Saturday, September 13, 2014

Naukluft Hiking Trail #9 - Up a waterfall

The next morning a few of  us took the slight detour that leads to the base of the impressive Die Valle cliff before starting out on the day's hike. Only a thin, silver trickle of water was dripping its long way down to the pebble-strewn base of what must be a breathtaking waterfall to behold after heavy rains. The cliff is more than 200m high and almost as wide, which means an awe-inspiring curtain of water  tumbles down here after a good thunder shower, only to dissipate into the gravel within an hour or two and return the scenery to the waterless landscape it is most of the time.

This morning's climb included a challenging 500m uphill, first to the top of Die Valle waterfall and then further up the canyon to a small plateau.   The climb was, as I suspected, a very steep up and up, and to make it manageable I broke it into 50m sections, stopping for a minute or two at each point to catch my breath. Two or three times a deceptive ridge would make it look like I was nearing the summit, but each time I was fooled and another upward stretch showed itself.

The climb ended more or less right at the lip of the Die Valle waterfall. A large, clear rock pool enticed two or three of the braver walkers to shed their clothes, and in their undies wallow into the icy cold water for a few minutes before settling in the sun to dry out. Straight below us the extensive, flat valley we'd crossed the day stretched to the horizon.

The landscapes you see in Naukluft are as varied and unique as the time you spend there; no two vistas that unfold are ever the same. You may spend a few minutes admiring the view, walk a few hundred metres further, turn around, and what you see will have changed completely since you last looked.

It was only slightly past lunchtime when we started the steep downhill that led to the Tufa Shelter, tonight's stayover. The route wound its way along an old mountain pass that had been remarkably well laid out many, many years before, connecting a sheep faming outpost at the top of the mountain to the farmstead below. It was once well surfaced and bordered by a neat stone wall but now its gravel surface was deeply eroded and at places strewn with rocks that had tumbled down the mountainside.

After a while glances in the direction of the setting sun made us realise we had to step up the pace in order to reach the shelter before dusk. We'd totally under-estimated the time it would take to get to the bottom of the pass. I was a bit disappointed because not only do I dislike rushing a hike, especially one I'll probably never in my life do again, but also because the scenery along the way had a special ambience, imbued with a feeling of melancholy for the toil of the hardened farmers who tamed the land here for a while before it started slipping back into nature, as we saw now.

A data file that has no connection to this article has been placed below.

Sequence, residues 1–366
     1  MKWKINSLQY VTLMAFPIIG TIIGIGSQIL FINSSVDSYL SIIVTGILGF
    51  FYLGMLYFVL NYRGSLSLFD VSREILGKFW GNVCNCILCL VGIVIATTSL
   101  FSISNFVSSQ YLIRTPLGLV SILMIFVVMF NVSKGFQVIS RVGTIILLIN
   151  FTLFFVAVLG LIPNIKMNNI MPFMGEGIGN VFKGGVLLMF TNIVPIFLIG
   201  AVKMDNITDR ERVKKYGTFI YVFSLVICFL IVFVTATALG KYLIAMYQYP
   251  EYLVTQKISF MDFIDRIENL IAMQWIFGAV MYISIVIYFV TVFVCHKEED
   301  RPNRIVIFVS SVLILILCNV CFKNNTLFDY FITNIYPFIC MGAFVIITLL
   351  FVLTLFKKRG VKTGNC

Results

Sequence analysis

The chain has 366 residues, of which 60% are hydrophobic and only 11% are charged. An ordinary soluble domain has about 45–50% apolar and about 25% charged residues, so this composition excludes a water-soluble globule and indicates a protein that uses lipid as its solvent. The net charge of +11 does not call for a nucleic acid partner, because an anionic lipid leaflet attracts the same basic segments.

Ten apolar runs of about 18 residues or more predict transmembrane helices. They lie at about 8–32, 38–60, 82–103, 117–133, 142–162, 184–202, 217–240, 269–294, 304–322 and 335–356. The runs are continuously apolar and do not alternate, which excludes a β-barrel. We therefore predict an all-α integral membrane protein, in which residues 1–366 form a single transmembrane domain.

Once we reached the base of the mountain pass it took a while to locate the shelter - blame bad signage and the approaching nightfall. Thus far trail markings have been almost perfect, and in all the time we'd been walking we only missed the ubiquitous painted yellow footprint guiding us along on no more than on two or three occasions. All along it was clear that the trail was being well maintained and looked after.

Familiar foot marking hanging from a tree.

The mood at the shelter that night was slightly downbeat and less boisterous than before. Nothing had changed - the toilet was no more dodgy than before, and everyone was still getting along fine. But I could sense the six days of hard trekking was taking its toll. And, I discovered my first foot blister. Nothing to worry about, but there it was, covering half my left foot big toe. So far I'd managed to stay blister free, but due to the fast downhill pace through the mountain pass I'd pushed my feet a little too hard, and this was the consequence. I made a mental note to stick to a foot-friendly pace for the remainder of the trail. Last thing I want are feet that pack up with the trail end in sight. So I duly doctored the blister with a fancy zinc oxide plaster kindly donated by someone who had a few extra. It worked like a charm, because it never bothered me for the rest of the trail.

You can see all the pics from Naukluft in my Flickr gallery.

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